Christ the King

Preacher: The Very Rev’d Frank Nelson, Dean

2 Samuel 23: 1 – 7, Psalm 93, Revelation 1: 4b – 7, John 18: 33 – 37

Power – it’s all about power. As I sat down to write this sermon they were cranking up the power across the road. The drumming, loud as it is, got added power through the amplifiers, making the house shake and sending the cathedral cat scooting for cover under the bed. Later in the evening more than 50,000 people, mainly people of my generation, sang, clapped, whooped and generally revelled in one of the most successful power bands of the last forty years.

Power – it’s all about power. Page after page of yesterday’s national newspaper was dedicated to investigating, examining, dissecting, speculating on the dynamics of power – that of terrorist groups around the world, and in particular, that exercised by those known variously as IS, ISIS, or, more derogatorily, Deish. A week on from the shocking events in Paris the world is still trembling, wondering who and where will be next. Beirut then Mali in the last few days – but we know all too well that there will be another tragedy, another suicide squad – and all after one thing – power.

Power – it’s all about power. Prime Ministers and presidents meet in conference, each one seeking to look good in the eyes both of the world and their home constituencies. More planes, more ships, more bombs – where will it end, this power game?

Power – it’s all about power. They stand facing off, one against the other. Two men pitted against one another. On one side Pilate, known as Pontius, governor of a province of one of the greatest empires the world has ever seen. Facing him is Jesus, a some time wandering preacher and teacher backed by a motley bunch of ‘wannabees’, most of whom have already deserted him. So he stands alone, a lonely figure in the dark hours of the night as the trial proceeds.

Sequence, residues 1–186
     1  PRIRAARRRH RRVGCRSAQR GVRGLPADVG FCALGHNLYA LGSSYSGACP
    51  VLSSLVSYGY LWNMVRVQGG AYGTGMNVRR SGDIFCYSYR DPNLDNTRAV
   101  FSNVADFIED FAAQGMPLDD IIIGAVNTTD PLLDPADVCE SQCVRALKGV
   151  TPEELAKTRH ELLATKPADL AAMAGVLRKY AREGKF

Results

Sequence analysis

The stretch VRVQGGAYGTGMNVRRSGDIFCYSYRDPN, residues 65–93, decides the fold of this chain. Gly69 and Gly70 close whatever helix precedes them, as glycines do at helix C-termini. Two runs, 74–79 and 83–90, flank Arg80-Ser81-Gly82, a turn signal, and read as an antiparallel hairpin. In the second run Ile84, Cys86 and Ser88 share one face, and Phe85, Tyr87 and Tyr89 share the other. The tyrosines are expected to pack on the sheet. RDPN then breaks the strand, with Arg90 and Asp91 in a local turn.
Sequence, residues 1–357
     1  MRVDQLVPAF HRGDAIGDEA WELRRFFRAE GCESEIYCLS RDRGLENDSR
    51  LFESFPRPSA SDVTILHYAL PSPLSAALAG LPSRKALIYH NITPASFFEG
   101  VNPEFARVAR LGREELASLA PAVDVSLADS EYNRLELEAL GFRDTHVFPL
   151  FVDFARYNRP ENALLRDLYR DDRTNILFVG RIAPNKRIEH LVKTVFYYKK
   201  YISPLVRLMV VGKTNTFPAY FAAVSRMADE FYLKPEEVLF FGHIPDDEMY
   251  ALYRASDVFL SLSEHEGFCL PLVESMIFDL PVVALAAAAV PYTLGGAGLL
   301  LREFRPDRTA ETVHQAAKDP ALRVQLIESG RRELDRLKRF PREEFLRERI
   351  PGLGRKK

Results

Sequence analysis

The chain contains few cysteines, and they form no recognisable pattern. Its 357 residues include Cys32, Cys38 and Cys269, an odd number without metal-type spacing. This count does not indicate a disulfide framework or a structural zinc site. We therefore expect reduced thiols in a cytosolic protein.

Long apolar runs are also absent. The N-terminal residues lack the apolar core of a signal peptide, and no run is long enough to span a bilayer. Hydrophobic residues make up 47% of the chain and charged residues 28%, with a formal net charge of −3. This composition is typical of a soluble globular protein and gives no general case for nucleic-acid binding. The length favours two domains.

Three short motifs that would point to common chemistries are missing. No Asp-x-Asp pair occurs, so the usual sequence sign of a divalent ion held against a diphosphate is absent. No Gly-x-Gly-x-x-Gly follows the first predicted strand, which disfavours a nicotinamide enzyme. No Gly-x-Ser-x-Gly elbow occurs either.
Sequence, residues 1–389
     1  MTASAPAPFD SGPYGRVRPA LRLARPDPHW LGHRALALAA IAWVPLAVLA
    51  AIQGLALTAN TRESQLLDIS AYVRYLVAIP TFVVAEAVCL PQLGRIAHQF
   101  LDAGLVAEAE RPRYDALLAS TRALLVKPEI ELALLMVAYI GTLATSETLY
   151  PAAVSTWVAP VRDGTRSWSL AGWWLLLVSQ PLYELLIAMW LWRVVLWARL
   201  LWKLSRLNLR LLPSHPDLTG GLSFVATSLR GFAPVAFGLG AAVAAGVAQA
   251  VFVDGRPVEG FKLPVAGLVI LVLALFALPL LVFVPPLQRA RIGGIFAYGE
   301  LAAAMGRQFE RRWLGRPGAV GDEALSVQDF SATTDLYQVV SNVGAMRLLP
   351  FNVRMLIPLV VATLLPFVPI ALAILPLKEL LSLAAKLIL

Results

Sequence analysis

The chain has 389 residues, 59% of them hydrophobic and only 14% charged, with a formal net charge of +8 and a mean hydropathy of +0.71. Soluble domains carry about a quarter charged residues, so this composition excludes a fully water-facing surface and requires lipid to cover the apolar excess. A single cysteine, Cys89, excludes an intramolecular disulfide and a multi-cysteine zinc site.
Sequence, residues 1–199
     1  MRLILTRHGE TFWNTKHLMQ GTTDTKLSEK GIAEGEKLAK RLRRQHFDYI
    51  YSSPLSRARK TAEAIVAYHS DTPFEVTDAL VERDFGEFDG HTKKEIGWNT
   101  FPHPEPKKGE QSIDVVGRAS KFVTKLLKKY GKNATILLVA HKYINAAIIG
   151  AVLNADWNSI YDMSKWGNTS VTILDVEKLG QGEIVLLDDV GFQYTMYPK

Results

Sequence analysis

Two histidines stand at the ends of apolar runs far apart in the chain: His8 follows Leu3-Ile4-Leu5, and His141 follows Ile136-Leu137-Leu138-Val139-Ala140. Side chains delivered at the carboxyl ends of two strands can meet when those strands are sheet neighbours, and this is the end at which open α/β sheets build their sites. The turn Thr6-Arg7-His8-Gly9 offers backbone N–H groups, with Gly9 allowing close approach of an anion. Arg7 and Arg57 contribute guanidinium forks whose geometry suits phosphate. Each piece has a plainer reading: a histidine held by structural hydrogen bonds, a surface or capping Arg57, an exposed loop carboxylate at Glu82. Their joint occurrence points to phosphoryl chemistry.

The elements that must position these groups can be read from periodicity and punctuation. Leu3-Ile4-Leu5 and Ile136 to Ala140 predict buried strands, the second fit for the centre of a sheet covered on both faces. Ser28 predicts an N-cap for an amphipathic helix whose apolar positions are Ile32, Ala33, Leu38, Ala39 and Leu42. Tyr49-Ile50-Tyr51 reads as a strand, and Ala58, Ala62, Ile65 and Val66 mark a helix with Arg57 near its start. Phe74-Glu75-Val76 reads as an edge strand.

Another question: “Are you the king of the Jews?” It’s an odd question given that the principal accusers are the leaders of the Jews. Why do they not stand there as his accusers? Where are they? The high priest, with his minions, is also in the power game, subtly controlling the state of play. Pontius Pilate, despite his ‘power’, is manipulated by the high priest who refuses to defile himself by entering Pilate’s headquarters. So this man, supposedly so powerful and with the legions of Rome to call upon, shuttles backwards and forwards between the high priest with his co-accusers, and Jesus the accused. Who has the power?

Who has the power indeed? Despite the lonely figure he cuts, Jesus seems completely in control of the situation. To the question, “Are you the king of the Jews?” Jesus replies with his own question: “Do you ask this on your own, or did others tell you about me?” Clearly puzzled by Jesus, Pilate must decide who he will listen to – this one solitary man who refuses to deny he is a king, and indeed, claims to be a king, but not from this world; or the high priest and his supporters? In the end Pilate goes with the high priest and orders the execution of the troublesome Jesus – the apparently powerless one. Yet, as you and I believe, for it is a corner-stone of our faith, not even the power of death could hold Jesus.